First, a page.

- Definition of digital minimalism
- Growing concern over digital overload
- Understanding Digital Minimalism
- Benefits of Digital Minimalism
- Practical Steps to Embrace Digital Minimalism
The first time I heard about Digital Minimalism was from Cal Newport’s book “Digital Minimalism: Choosing a Focused Life in a Noisy World”. Cal Newport argues in the book that if we want to regain control of our digital lives, we must fundamentally change our behavior.
Definition of digital minimalism
Digital Minimalism, as the name suggests, is minimalism at the digital level. To put it more directly, it is to declutter your data information on line. The extreme point is to cut off the Internet.
The concept of decluttering comes from Japan. It was originally used to clean up the clutter at home and sort out the inner waste. This is almost a philosophy of life to keep your life clean and comfortable.
Growing concern over digital overload
No need to say or give examples, everyone knows our dependence on information networks. The Internet is already a real network, big and dense, tightly entwining everyone in it.
There is nothing wrong with wanting to live a more convenient life, but things must be reversed. Can you imagine a day without TikTok videos to watch?
Bombarded with information and impetuous people, this is the current situation of contemporary people’s lives.
Understanding Digital Minimalism
As the title of this book reveals: Choosing a Focused Life in a Noisy World. This is also the direct purpose of the author writing this book. Cal Newport proposed a 30-day “digital declutter,” which is to strictly limit our use of technology. Digital minimalism hopes that we will be alert to how Internet products take advantage of human nature, so that tools and technology can serve people instead of people being kidnapped by tools.
Benefits of Digital Minimalism
There is a well-known concept in the philosophy of minimalism that believes that only by getting rid of the superfluous things in life can the truly meaningful things in life be revealed. These things are often interpersonal relationships and life experiences. And digital minimalism can do that, too.
First of all, after eliminating messy and useless information, our brains can rest, thereby improving the clarity of thinking and concentration. Secondly, we can use our spare time and energy to do things that we have always wanted to do but have not been able to do, such as spending an afternoon seriously building a set of Lego. Finally, return to simple and life-filled human activities, feel the forest, feel nature, and feel yourself.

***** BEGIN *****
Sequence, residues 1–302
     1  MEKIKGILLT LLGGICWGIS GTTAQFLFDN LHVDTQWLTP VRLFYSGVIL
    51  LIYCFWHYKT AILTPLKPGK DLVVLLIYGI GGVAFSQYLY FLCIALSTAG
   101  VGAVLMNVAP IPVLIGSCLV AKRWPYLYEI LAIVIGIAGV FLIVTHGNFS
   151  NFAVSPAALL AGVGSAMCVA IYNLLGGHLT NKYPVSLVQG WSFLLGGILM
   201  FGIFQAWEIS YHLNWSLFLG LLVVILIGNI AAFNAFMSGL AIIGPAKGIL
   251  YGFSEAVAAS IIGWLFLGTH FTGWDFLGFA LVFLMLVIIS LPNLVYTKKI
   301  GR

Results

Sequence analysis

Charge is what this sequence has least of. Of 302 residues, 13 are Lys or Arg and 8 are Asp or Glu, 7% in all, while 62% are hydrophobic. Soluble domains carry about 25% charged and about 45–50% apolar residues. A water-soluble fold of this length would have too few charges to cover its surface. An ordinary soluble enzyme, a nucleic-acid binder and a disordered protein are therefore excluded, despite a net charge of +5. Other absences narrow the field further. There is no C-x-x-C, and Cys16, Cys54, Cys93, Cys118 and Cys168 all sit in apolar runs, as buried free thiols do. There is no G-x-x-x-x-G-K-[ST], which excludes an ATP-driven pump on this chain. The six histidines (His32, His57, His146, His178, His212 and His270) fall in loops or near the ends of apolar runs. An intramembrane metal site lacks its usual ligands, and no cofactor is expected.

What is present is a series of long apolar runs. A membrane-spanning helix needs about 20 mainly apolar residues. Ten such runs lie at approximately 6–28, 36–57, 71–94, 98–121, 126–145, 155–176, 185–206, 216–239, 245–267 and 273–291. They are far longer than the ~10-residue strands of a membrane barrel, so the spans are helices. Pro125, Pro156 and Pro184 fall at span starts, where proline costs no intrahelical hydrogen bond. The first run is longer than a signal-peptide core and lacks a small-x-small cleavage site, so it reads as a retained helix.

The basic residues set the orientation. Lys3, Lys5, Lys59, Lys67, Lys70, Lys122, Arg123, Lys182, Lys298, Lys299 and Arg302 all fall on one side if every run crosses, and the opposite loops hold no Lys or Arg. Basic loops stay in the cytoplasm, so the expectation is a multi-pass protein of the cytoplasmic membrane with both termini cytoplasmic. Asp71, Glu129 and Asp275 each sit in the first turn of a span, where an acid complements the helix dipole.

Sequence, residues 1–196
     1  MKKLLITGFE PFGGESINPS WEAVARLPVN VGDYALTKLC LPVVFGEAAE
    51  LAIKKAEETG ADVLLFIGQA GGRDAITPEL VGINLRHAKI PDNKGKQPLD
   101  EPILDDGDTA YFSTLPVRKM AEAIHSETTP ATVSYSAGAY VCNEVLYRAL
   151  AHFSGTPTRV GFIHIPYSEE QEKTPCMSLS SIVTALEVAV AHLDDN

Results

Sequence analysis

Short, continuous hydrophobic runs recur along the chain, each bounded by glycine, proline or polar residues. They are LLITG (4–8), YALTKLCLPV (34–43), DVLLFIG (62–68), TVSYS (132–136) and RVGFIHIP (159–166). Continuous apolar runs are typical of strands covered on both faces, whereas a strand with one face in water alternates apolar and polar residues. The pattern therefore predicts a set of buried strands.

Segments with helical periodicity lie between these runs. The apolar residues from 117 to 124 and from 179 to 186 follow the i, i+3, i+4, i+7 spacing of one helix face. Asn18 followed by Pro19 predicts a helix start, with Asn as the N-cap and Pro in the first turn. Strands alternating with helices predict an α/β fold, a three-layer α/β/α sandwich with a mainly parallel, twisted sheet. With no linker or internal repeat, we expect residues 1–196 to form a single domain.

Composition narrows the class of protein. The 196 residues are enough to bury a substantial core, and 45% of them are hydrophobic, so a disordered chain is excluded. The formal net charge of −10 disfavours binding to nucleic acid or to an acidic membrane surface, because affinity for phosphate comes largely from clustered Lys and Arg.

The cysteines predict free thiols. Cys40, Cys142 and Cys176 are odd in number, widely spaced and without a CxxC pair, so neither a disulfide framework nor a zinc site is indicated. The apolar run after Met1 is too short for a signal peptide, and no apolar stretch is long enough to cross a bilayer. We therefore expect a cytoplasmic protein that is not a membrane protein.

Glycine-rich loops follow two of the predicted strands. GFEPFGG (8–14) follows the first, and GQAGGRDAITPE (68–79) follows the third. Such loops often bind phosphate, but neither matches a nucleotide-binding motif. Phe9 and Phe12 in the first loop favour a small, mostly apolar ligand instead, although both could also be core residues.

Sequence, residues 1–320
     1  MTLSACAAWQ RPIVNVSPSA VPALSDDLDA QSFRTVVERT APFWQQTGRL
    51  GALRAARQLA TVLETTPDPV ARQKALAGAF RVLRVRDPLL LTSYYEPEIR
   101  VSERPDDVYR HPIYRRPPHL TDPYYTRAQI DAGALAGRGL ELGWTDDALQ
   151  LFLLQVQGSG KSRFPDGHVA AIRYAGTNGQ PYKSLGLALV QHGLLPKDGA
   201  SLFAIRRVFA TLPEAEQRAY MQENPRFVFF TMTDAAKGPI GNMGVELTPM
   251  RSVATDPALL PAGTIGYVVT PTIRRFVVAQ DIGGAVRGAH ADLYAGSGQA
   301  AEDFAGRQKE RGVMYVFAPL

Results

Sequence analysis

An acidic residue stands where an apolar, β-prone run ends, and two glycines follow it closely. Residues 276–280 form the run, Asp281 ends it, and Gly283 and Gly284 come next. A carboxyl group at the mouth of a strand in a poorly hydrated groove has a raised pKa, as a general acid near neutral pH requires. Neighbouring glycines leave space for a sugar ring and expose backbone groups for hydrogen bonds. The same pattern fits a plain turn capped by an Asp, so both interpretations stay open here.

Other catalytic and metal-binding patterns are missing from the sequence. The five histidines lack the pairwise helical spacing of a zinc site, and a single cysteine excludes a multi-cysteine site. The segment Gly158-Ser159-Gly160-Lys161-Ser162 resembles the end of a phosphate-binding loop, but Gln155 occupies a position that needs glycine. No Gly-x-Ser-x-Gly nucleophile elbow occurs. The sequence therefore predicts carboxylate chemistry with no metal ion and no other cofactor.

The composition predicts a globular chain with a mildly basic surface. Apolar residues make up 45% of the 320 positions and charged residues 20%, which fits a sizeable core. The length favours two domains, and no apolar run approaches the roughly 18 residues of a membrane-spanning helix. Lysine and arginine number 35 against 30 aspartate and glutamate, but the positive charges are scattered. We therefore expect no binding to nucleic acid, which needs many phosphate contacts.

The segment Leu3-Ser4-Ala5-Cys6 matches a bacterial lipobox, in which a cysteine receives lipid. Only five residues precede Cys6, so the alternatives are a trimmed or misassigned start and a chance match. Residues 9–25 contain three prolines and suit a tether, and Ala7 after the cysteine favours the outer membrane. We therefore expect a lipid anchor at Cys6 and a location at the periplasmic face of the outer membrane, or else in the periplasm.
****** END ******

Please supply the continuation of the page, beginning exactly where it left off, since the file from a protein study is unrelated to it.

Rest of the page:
Practical Steps to Embrace Digital Minimalism
Step 1: Turn off red dot marks and notifications
We all know that red represents alertness and can quickly attract people’s attention. When your social software pops out of that red circle, who can resist clicking on it? Many apps push a lot of information or curious news that has nothing to do with us to increase user stickiness, but it brings us unnecessary anxiety and distraction.
If you are worried about missing really important information, just start with those video apps.
Step 2: Directly delete apps with duplicate functions
Only one app with the same function needs to be left. Duplication of functions will inevitably lead to information clutter.
Digital minimalism does not mean drastically reducing the number of apps you own, but rather defining the boundaries of tools and making good use of them based on clarifying your own needs.
At the same time, it is also recommended to uninstall some highly addictive apps. If you want to know which apps you are most addicted to, you can refer to the usage time of your mobile phone.
Step 3: Get away from your phone and get into reality
In fact, reality is no less interesting than mobile phones. How long has it been since you traveled? How long has it been since you took a nice walk alone and breathed fresh air? How long has it been since you had an in-depth conversation with someone?
Walking alone is actually a great way to enjoy solitude. As Newport said, humans can only develop and progress if they enjoy loneliness.
We should try to limit the time we use mobile phones and re-embrace a more real life itself.
I already know that people will spontaneously find each other and form groups to encourage and support each other in practicing digital minimalism. This is a great way to stick with it. If you are alone or want to do it by yourself, you may want to try some light exercise, such as yoga, to help you practice mindfulness and eliminate distracting thoughts. Meditation is also a good idea.
Apps use pull-down refresh, red dot prompts, push notifications, likes and comments to stimulate people, making users essentially become Pavlov’s dogs. They won’t care about whether the information you get is true and reliable, or whether you watch videos for too long and don’t get enough rest… The user’s happiness has long been forgotten.
Although we jokingly say we can’t live without our phones, there’s really nothing we can’t live without. You should be the only one who really cares about you. Moreover, when you can truly live without your mobile phone, your mobile phone truly becomes your tool and helps you live a better life.
I hope you can also master digital minimalism, have better control over your mobile phone, return tools to tools, and make you a better you.